Two Democratic Executive Councilors are outlining a proposal they say could fund passenger rail service between Manchester and Boston.
Colin Van Ostern and Chris Pappas say their plan addresses concerns a rail service would be too expensive, by keeping the state's share of operating costs under $5 million a year.
The Capitol Corridor study estimated an annual state price tag of about $10 million.
To cover construction costs, New Hampshire would step up efforts to win federal transportation grants, rely on Massachusetts to cover some infrastructure costs, and turn to private companies to develop four rail stations, similar to the Hooksett welcome centers on Interstate 93.
Cities and towns along the route would also contribute, potentially by using some of the economic benefits generated by the rail line to pay back some of the capital costs.
There's already a state commission studying how government could partner with private investors on expanded rail service.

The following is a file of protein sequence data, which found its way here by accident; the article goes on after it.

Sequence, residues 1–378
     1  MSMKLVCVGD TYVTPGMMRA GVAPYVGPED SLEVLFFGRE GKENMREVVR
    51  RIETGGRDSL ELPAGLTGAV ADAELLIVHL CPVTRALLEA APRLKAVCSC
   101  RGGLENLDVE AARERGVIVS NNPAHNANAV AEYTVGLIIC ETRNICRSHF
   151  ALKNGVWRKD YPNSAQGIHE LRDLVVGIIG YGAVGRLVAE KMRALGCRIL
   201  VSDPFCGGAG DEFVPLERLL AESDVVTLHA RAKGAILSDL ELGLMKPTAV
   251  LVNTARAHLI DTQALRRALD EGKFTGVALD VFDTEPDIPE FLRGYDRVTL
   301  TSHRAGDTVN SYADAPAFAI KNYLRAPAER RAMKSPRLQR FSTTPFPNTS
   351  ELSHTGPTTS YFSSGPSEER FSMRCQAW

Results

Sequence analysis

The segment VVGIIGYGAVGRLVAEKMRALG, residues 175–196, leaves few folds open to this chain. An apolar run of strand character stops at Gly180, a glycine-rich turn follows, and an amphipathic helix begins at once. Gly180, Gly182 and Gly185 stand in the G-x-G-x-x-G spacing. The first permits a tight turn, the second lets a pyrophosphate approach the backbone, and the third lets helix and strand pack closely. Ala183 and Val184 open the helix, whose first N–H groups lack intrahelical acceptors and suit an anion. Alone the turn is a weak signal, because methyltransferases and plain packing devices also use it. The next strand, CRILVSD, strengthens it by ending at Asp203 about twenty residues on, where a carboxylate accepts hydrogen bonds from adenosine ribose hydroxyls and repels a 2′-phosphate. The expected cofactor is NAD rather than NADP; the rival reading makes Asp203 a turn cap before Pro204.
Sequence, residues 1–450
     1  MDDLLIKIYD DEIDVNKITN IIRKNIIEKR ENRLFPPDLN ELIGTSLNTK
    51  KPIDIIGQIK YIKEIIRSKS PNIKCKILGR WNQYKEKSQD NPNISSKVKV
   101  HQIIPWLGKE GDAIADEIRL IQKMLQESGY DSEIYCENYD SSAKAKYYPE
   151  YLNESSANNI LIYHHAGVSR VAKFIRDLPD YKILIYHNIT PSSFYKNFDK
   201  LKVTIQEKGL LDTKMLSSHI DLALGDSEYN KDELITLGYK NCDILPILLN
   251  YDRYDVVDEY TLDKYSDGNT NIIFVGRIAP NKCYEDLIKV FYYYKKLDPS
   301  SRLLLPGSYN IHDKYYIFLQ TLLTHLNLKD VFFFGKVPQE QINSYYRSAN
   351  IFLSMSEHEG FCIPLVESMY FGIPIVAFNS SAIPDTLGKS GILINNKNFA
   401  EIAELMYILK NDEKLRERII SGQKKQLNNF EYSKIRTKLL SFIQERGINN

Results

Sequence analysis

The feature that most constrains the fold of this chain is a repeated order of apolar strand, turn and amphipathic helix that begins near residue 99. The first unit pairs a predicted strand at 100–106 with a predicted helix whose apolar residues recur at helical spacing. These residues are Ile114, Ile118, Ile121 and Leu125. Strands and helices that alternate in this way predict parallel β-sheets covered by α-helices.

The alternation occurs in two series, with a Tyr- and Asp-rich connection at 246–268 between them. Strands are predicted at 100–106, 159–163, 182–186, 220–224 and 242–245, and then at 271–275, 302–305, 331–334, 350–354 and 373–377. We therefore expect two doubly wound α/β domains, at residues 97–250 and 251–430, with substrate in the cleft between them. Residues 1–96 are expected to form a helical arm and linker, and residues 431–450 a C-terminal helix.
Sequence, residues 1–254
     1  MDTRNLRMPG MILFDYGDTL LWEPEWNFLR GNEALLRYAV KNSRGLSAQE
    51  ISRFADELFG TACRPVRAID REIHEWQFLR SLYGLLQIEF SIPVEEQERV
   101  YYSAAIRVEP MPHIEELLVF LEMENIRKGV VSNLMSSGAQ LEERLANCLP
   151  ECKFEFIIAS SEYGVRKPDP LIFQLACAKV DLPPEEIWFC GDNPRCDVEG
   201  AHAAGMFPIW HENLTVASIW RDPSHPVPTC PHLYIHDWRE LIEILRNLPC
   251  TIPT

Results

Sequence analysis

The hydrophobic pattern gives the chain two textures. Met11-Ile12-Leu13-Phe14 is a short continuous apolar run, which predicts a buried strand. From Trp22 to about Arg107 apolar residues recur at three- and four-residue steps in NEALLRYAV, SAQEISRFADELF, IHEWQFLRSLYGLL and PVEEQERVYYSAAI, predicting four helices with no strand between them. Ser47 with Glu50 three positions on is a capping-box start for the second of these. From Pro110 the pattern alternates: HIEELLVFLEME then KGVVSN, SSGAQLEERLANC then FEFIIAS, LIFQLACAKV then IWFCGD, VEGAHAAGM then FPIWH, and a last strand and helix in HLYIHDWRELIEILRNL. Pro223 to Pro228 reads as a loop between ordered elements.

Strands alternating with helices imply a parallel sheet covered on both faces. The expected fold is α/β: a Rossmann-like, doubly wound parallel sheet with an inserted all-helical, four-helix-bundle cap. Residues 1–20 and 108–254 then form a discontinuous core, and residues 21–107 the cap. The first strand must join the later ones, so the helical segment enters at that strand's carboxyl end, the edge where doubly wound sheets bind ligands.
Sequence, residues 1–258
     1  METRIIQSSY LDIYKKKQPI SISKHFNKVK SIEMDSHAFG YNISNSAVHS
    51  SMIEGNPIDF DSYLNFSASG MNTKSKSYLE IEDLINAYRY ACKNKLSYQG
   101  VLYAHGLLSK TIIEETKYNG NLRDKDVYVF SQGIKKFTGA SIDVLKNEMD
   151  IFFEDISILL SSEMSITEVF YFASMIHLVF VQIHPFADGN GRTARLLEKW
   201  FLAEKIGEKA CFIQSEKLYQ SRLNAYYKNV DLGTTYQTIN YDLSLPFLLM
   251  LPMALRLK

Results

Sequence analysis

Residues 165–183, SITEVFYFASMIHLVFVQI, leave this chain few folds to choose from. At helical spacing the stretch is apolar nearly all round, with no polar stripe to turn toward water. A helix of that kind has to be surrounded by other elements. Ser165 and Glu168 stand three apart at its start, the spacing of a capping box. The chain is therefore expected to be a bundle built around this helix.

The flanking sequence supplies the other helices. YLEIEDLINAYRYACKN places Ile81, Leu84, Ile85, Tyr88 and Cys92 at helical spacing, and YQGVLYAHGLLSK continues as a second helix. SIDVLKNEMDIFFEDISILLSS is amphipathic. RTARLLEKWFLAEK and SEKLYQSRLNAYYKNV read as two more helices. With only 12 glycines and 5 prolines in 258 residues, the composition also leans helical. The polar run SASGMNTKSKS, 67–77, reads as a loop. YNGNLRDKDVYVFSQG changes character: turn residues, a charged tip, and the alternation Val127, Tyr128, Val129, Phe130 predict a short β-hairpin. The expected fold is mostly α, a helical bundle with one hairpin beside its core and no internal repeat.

But Van Ostern, who's running for governor next year, says it's time to move the conversation about rail from study to action.
"The reality is finding less than five million dollars a year for something that will cause such opportunity for economic growth is both possible and achievable," Van Ostern says. "We think that's an important part of the conversation."
Lawmakers this year voted down $4 million for rail study and planning in the latest two-year capital budget.